<nenolod> it's supposed to be h4x
    <nenolod> the concerning part is that they seem to build the rootkit on the machine
    <nenolod> observation: why would sshd link against libkeyutils.so?
    <nenolod> ran apk fix
    <steven> kernel key management
    <ramnet> nenolod, did you access your honeypot from the workstation that had the keylogger on it?
    <nenolod> as a matter of fact, yes!
    <ramnet> so, you've pretty much confirmed that's what the cause of the hack is then
    <steven> nenolod would you be willing to pass me the windows rootkit?
    <nenolod> steven, yeah as soon as i have a chance to get the machine network-accessible again
    May we ask, how or with what software was the root-kit discovered? Time for everyone to scan for it perhaps?
    Last edited by matbz; 02-20-2013 at 07:28 PM. Reason: typo

  3. #993
    Join Date
    Nov 2010
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    Saskatchewan yep Canada
    Posts
    35

    thanks

    will try your suggestion
    i suspect it maybe a login from home


    Quote Originally Posted by Techark View Post
    What scanner are you using?

    First if it is something like Norton or God forbid Mcafee then forget it. First thing a good java infection does is plant itself in and hides from what ever virus scanner you have installed on the system so it becomes useless at finding it. Download a new scanner I like Avast myself since it was the only one to reliable detect the Gumbler virus when it was first out. Disable your current scanner and let the new one scan the system. Don't trust what you already have installed.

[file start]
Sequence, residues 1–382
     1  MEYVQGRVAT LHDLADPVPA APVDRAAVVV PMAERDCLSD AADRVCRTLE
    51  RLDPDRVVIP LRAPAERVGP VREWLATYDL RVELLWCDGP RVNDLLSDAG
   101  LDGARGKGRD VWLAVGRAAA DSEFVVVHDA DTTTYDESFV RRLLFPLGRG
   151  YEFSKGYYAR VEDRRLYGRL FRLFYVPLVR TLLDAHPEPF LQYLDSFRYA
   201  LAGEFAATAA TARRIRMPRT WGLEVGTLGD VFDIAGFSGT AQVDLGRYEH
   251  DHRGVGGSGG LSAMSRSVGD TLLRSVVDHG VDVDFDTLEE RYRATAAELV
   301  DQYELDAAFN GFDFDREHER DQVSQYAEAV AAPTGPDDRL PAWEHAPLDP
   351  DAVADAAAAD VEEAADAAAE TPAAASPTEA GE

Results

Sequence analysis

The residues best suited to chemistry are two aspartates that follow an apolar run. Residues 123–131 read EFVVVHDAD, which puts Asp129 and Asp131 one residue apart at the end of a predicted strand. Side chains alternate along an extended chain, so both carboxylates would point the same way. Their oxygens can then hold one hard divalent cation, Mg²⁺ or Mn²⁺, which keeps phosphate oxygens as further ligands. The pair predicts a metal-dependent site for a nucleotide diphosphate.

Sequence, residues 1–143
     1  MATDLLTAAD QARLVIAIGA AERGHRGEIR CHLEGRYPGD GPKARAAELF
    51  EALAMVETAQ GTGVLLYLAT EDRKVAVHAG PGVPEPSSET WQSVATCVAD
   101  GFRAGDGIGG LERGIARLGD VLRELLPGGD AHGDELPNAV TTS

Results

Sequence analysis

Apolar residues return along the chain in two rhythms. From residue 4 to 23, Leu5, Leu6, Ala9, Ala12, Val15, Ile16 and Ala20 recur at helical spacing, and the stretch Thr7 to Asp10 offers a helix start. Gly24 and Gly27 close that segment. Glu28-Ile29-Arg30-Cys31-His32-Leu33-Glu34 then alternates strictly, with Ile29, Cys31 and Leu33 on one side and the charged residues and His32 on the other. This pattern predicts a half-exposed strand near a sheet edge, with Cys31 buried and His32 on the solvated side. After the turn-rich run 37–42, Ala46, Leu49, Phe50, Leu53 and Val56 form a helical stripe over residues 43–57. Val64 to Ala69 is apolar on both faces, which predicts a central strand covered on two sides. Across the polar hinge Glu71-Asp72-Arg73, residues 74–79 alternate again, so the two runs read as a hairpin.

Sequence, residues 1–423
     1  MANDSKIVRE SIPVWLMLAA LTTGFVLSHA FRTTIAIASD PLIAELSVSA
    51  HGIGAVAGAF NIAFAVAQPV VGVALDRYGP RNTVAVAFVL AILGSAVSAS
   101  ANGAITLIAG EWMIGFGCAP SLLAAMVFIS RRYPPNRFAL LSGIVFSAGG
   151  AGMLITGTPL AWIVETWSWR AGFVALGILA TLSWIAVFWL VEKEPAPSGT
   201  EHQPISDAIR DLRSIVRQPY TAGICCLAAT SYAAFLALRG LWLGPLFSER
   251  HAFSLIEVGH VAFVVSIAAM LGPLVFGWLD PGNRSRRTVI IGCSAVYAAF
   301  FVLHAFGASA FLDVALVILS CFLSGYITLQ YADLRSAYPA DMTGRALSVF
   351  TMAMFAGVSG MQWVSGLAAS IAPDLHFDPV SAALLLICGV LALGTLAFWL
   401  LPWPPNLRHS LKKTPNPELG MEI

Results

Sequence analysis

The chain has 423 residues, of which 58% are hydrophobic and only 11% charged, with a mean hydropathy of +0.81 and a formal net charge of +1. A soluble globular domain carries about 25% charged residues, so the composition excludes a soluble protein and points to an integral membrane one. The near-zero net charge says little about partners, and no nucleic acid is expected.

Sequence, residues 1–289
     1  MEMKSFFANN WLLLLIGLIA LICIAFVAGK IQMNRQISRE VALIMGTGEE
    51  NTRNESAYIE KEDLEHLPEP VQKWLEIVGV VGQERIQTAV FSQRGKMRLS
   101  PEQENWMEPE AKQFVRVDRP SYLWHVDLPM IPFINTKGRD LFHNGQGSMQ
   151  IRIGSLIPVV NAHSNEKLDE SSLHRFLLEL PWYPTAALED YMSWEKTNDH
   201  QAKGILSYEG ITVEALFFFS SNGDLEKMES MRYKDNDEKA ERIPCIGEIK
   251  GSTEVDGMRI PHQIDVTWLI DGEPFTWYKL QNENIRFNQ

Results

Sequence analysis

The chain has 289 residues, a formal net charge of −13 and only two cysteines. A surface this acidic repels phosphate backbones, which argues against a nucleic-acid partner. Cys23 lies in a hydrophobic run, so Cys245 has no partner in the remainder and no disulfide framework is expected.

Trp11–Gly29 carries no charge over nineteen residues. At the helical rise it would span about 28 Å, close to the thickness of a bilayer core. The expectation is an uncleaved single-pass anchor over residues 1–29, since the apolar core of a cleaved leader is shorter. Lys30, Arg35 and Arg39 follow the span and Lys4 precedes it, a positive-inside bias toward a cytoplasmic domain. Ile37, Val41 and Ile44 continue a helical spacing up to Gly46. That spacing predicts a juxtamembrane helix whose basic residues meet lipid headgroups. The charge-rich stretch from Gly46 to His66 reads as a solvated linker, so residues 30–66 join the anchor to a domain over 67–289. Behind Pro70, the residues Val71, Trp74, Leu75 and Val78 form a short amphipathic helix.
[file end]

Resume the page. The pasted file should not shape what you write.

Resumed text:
4. #994
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    Apr 2009
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    USA / UK
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    4,553
    Quote Originally Posted by matbz View Post
    May we ask, how or with what software was the root-kit discovered? Time for everyone to scan for it perhaps?
    <ramnet> nenolod, how did you find that windows rootkit earlier? where was it's payload located?
    <nenolod> ramnet, i just ran malware bytes anti malware, and it was a file in C:\Windows\System32 running as LOCAL_SERVICE permissions
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  5. #995
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    Feb 2013